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Inequality Advantage Backlines (Stem)

They Say: “Right To Education Fails”

Courts will enforce — there’s an overwhelming consensus that money matters.

Ogletree and Robinson 17 — Charles J. Ogletree, Jr., Jesse Climenko Professor of Law and Director of the Charles Hamilton Houston Institute for Race and Justice at Harvard Law School, holds a J.D. from Harvard Law School and an M.A. in Political Science from Stanford University, and Kimberly Jenkins Robinson, Professor of Law and Austin Owen Research Scholar at the University of Richmond School of Law, Researcher at the Charles Hamilton Houston Institute for Race and Justice at Harvard Law School, former Associate Professor at the Emory School of Law, former General Attorney in the Office of the General Counsel at the United States Department of Education, holds a J.D. from Harvard Law School, 2017 (“Inequitable Schools Demand a Federal Remedy,” Education Next, Volume 17, Number 2, Spring, Available Online at, Accessed 06-09-2017)

Enforcing the Right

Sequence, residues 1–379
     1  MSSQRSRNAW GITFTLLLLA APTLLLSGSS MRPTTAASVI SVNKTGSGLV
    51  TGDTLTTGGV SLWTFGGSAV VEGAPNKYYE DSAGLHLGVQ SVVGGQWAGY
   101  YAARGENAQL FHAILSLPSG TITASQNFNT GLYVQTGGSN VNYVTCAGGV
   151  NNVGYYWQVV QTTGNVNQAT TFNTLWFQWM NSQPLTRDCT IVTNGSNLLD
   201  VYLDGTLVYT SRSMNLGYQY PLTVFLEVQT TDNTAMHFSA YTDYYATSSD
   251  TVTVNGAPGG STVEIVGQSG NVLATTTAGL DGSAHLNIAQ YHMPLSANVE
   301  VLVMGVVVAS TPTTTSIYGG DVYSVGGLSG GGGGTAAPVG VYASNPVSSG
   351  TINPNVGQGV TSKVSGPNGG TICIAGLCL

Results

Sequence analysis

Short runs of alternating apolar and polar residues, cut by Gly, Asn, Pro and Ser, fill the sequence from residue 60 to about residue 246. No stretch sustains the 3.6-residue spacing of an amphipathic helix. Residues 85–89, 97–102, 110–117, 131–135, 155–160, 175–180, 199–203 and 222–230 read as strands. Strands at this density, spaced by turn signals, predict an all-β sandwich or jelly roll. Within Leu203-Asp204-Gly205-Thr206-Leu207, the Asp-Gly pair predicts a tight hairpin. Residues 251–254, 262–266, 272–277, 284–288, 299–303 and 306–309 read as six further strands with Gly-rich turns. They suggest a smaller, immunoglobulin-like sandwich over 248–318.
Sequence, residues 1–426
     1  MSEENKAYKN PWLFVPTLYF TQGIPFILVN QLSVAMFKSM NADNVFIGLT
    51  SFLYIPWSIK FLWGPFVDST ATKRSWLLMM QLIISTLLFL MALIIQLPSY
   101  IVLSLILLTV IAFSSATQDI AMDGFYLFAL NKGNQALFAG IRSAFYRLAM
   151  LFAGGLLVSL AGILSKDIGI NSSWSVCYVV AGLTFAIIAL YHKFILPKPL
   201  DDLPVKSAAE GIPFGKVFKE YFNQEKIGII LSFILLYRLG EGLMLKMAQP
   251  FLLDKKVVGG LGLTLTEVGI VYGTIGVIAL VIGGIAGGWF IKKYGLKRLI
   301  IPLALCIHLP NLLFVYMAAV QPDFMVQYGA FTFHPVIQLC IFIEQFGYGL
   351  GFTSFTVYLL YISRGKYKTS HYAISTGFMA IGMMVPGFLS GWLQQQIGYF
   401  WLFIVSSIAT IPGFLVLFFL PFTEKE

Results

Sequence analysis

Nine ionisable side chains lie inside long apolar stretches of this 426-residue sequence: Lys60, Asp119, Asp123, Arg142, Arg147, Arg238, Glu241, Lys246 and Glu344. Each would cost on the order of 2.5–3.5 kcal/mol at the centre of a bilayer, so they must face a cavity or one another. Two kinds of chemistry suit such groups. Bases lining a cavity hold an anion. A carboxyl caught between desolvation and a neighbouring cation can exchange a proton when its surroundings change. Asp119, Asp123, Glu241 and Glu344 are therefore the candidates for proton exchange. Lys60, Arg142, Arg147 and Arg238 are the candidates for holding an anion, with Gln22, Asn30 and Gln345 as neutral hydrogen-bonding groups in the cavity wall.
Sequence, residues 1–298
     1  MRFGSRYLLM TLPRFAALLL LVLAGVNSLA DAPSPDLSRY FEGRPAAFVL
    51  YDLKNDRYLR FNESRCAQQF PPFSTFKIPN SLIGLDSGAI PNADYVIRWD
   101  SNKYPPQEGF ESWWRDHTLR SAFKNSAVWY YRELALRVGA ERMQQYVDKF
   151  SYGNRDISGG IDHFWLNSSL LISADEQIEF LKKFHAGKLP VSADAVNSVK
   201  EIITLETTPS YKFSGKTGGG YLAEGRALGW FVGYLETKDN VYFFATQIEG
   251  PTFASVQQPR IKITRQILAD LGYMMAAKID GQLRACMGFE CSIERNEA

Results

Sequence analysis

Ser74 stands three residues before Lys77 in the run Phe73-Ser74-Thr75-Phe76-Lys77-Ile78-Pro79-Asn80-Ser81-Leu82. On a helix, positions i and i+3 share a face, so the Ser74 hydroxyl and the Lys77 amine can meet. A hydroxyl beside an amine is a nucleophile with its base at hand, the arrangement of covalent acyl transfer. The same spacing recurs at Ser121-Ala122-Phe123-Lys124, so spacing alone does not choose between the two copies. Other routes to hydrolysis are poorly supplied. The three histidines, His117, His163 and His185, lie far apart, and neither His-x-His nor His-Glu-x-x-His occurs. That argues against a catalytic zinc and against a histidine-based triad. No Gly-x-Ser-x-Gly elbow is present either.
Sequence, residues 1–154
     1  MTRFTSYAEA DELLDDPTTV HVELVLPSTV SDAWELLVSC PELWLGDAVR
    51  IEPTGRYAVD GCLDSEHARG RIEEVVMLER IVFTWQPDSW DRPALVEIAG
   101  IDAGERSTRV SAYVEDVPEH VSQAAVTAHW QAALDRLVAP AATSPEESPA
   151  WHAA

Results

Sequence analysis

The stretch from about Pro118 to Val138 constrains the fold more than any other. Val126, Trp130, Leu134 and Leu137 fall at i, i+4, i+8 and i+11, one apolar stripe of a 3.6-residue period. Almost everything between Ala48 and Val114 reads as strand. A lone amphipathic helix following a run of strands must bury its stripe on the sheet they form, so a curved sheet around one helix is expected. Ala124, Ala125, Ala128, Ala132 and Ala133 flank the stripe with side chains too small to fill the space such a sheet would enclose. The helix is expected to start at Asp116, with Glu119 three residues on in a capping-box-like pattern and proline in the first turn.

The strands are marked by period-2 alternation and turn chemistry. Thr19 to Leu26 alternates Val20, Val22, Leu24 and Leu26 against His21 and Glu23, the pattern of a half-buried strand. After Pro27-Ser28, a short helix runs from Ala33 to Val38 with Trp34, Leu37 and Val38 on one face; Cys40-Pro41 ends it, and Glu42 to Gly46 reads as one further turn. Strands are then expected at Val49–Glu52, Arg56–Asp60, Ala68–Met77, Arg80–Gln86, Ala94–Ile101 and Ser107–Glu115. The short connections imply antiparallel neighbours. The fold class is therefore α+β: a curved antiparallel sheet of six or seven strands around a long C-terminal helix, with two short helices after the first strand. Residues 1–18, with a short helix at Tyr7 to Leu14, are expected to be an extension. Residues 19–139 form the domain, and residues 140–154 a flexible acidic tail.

Once the court recognizes a federal constitutional right to education, families, advocates, and attorneys must begin the hard work of challenging state systems of education as unlawful under the U.S. Constitution. Federal courts should insist that states design their education systems to accomplish the aims of the right to education—be they ending inequitable disparities in educational opportunity, preparing students to be competent voters and civic participants, or ensuring that students are equal citizens. State-level funding litigation has often revealed that education systems are based upon the bargains struck by politicians that are divorced from a rigorous analysis of the aims of education and the best means to achieve them. In designing remedies, the federal courts could draw critical lessons from successful state cases such as Abbott v. Burke (New Jersey) and Campaign for Fiscal Equity v. State of New York. Both cases provide examples of state courts that have insisted that states design funding systems to accomplish specified aims.